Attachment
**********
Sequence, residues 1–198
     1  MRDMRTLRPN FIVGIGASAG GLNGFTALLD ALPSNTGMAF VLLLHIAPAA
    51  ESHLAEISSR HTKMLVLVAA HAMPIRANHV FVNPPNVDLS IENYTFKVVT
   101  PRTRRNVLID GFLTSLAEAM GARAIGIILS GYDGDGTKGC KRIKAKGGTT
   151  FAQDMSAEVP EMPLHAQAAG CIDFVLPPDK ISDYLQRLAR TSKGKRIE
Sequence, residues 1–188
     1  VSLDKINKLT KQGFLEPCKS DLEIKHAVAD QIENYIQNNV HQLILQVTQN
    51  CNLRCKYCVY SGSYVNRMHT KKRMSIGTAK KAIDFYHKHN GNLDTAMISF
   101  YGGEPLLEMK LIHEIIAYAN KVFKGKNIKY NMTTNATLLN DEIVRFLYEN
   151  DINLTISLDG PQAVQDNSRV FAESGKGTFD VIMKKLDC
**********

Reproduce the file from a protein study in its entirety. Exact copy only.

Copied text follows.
Sequence, residues 1–198
     1  MRDMRTLRPN FIVGIGASAG GLNGFTALLD ALPSNTGMAF VLLLHIAPAA
    51  ESHLAEISSR HTKMLVLVAA HAMPIRANHV FVNPPNVDLS IENYTFKVVT
   101  PRTRRNVLID GFLTSLAEAM GARAIGIILS GYDGDGTKGC KRIKAKGGTT
   151  FAQDMSAEVP EMPLHAQAAG CIDFVLPPDK ISDYLQRLAR TSKGKRIE
Sequence, residues 1–188
     1  VSLDKINKLT KQGFLEPCKS DLEIKHAVAD QIENYIQNNV HQLILQVTQN
    51  CNLRCKYCVY SGSYVNRMHT KKRMSIGTAK KAIDFYHKHN GNLDTAMISF
   101  YGGEPLLEMK LIHEIIAYAN KVFKGKNIKY NMTTNATLLN DEIVRFLYEN
   151  DINLTISLDG PQAVQDNSRV FAESGKGTFD VIMKKLDC